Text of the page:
"Monday Night Football" play-by-play voice Mike Tirico: “Don Meredith was a huge part of what has made Monday Night Football so special. His approach, attitude and love of football came thought in every broadcast. Just the phrase, 'Turn out the lights, the party’s over' makes any football fan watching in the '70s and early '80s break out in a smile. He was one of a kind and helped make Monday nights magical. For any of us who have had Monday Night Football as a part of our life, it is a sad day.”

Analyst Ron Jaworski: “I had the pleasure of meeting Don a few times. He was a guy I admired as much as anyone, both as a player and as an analyst. His great work inspired me to always be prepared and to have fun doing it. He loved what he did and it always showed. We’re going to miss him."

Analyst Jon Gruden: “I used to sneak downstairs and watch Don and Monday Night Football when I was supposed to be asleep in bed growing up. He was special. Those crews had a lot of fun together and I always loved hearing him sing, ‘Turn out the lights, the party’s over.’”

ESPN NFL studio host Chris Berman: "Don Meredith was a television pioneer who made pro football real, even for non-football fans. I can't remember watching a Monday Night Football telecast, and I've seen a few, where Dandy Don failed to make me smile."

Jerry Jones: Meredith set course for Cowboys

December, 6, 2010
IRVING, Texas -- The Cowboys have released a statement from owner and general manager Jerry Jones regarding Don Meredith’s passing:

“Don Meredith was a Dallas Cowboys original. His wit, charm, and strength of personality were matched only by his wonderful leadership, toughness and athletic skill. His persona defined the Cowboys of the 1960s and set the course for what the franchise became. Throughout 50 years of history, the Cowboys legacy has been built by dynamic and colorful personalities who could also compete at the highest level. No one fit that description better than Don Meredith.

“After guiding this team from expansion franchise to title contender, his charismatic style helped build Monday Night Football to a level of popularity that was unprecedented for sports television in America. Few men have contributed, both on the field and as a broadcaster, to the impact that the NFL currently has on our country today more than Don.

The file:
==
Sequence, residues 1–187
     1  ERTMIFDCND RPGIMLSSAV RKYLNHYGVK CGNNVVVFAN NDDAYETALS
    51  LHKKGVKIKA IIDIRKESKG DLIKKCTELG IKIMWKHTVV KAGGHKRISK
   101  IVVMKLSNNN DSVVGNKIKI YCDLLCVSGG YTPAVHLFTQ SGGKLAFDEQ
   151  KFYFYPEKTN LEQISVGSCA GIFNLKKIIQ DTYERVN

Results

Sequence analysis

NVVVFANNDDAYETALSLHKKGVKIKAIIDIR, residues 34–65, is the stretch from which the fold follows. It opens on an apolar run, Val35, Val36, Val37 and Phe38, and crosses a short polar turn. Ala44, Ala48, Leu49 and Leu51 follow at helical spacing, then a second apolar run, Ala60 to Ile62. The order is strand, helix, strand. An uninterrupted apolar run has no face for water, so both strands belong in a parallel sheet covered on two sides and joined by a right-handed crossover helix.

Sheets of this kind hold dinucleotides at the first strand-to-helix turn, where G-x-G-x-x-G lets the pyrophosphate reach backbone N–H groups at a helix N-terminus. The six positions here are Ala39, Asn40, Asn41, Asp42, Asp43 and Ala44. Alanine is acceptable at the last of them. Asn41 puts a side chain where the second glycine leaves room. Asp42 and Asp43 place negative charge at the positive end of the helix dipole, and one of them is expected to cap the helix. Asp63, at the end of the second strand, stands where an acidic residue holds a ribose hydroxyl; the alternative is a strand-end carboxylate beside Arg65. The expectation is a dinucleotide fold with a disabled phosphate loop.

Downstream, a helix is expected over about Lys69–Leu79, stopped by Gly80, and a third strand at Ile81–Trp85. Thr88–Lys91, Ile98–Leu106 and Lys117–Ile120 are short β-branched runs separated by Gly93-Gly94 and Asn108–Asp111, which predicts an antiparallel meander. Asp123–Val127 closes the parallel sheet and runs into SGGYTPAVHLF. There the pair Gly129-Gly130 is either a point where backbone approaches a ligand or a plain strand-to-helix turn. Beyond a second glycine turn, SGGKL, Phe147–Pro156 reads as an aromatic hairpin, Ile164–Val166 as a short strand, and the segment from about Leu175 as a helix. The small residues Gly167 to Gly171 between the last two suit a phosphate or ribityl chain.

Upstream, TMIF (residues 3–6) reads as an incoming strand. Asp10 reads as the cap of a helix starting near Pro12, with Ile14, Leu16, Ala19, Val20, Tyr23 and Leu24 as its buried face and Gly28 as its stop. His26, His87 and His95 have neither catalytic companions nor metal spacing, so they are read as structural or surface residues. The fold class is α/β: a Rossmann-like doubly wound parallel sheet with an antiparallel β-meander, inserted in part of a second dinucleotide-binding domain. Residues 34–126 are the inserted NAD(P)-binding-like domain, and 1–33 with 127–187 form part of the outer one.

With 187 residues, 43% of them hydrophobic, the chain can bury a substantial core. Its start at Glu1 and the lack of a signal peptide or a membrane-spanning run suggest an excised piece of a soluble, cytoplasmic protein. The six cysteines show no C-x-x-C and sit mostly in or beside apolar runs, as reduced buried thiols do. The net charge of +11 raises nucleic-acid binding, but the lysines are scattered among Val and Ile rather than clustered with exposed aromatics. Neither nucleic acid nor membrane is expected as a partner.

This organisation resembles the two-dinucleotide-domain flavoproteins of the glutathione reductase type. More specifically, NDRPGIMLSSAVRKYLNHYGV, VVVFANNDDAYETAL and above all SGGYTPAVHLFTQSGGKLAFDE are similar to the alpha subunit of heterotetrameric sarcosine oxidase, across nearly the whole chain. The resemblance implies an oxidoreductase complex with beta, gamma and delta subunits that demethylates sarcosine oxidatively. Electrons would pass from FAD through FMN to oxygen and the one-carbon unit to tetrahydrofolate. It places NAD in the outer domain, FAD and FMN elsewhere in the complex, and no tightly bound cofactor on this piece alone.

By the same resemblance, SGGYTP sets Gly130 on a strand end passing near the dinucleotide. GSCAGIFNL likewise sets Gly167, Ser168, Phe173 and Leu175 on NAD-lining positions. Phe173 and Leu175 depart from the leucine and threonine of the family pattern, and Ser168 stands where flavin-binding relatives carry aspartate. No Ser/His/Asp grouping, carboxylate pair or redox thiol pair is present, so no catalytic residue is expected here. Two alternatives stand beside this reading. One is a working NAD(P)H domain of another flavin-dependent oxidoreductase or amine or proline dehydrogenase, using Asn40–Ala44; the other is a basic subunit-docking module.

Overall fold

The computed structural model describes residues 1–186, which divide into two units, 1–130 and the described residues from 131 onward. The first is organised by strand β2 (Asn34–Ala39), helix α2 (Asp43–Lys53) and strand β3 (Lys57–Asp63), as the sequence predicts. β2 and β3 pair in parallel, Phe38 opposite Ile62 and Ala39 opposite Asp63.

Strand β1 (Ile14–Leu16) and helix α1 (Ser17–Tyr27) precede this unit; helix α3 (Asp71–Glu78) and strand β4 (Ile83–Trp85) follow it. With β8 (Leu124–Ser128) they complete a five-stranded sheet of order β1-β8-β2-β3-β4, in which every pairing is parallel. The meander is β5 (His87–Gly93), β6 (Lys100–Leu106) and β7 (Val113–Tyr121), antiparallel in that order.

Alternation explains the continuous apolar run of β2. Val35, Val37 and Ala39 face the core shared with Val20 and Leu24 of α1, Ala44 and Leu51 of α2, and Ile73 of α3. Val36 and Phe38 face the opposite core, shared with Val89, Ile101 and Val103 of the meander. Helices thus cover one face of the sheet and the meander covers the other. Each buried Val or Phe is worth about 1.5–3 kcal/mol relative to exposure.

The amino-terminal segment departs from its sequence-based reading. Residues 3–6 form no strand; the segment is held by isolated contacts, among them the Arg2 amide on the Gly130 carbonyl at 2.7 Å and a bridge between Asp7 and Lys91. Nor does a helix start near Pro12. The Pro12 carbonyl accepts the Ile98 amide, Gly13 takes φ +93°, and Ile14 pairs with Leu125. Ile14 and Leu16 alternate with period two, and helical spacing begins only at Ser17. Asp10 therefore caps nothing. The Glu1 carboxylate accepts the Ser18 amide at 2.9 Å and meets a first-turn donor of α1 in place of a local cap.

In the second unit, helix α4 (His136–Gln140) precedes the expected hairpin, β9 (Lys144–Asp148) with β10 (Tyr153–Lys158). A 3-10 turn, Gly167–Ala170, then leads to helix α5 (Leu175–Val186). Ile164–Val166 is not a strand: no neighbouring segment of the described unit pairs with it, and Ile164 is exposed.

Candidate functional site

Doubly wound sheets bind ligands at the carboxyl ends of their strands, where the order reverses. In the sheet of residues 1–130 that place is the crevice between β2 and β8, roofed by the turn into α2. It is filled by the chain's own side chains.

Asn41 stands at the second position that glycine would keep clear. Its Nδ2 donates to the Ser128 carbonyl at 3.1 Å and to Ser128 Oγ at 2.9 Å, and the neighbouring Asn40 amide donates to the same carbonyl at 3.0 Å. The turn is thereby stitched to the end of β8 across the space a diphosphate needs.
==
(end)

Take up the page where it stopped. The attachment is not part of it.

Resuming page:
“Our thoughts and prayers are with his family and friends, and his spirit will be with Cowboys players and fans forever.”

Career in pictures: 'Dandy' Don Meredith

December, 6, 2010
Here's a look at the career of former Dallas Cowboys quarterback and "Monday Night Football" announcer Don Meredith, in pictures.

Click here for the photo gallery. Photo Gallery

Cowboys QB rankings: Don Meredith

December, 6, 2010
Here is where Don Meredith ranks statistically among Dallas Cowboys quarterbacks:

Cowboys All-Time Passing Rankings: Don Meredith
Completions: 1,170 (5th)
Pass yards: 17,199 (4th)
Pass TDs: 135 (4th)
Interceptions: 111 (3rd)

Most Games Played -- Cowboys QBs, Franchise History
Danny White: 166
Troy Aikman: 165
Roger Staubach: 131
Don Meredith: 104

Most Passing TDs, Cowboys History
Troy Aikman: 165
Danny White: 155
Roger Staubach: 153
Don Meredith: 135
Tony Romo: 118

Don Meredith highlights: Cowboys, TV

December, 6, 2010
Don Meredith playing and broadcasting career notes of interest, courtesy of ESPN Stats & Information:

[+] EnlargeMeredith
Getty ImagesBefore he joined the Cowboys, Don Meredith was an All-American at SMU in 1958 and '59. Click here for more photos.
  • All-American at SMU in 1958 and 1959
  • Third-round pick in 1960 NFL draft
  • Member of inaugural Cowboys team in 1960
  • Played nine seasons, all with Cowboys
  • Became full-time starting QB in 1963
  • Three-time Pro Bowler (1966-68 seasons)
  • Led Cowboys to NFL championship games in 1966 and 1967
  • Top-5 in Cowboys history in passing yards, TDs and completions
  • Inducted into Cowboys’ Ring of Honor in 1976
  • Said to be the only player to play his high school, college and pro football all in Dallas area
  • Became color commentator for ABC’s "Monday Night Football" in 1970
  • Spent three seasons (1974-76) with NBC; analyst for Super Bowls IX and XI
  • Returned to ABC as part of broadcasting team until end of 1984 season; analyst for Super Bowl XIX (ABC’s first Super Bowl)
  • Received Pete Rozelle Radio-Television Award from Pro Football HOF in 2007
  • Known for singing “turn out the lights, the party’s over” when game was in hand
  • Other notes on a well-rounded life:
  • Also had an acting career, appearing in multiple movies and TV shows
  • Recurring starring role on NBC show “Police Story”
  • Recorded a single in 1966, covering Ricky Nelson’s “Travelin’ Man”

  • 'Dandy' Don Meredith dies at age 72

    December, 6, 2010
    AM ET
    Don Meredith, the former Dallas Cowboys quarterback who became a staple of "Monday Night Football," died in Santa Fe, N.M., on Sunday.

    Meredith, 72, died at Christus St. Vincent Regional Medical Center, a hospital spokesman confirmed Monday morning.

    For more on this developing story, click here.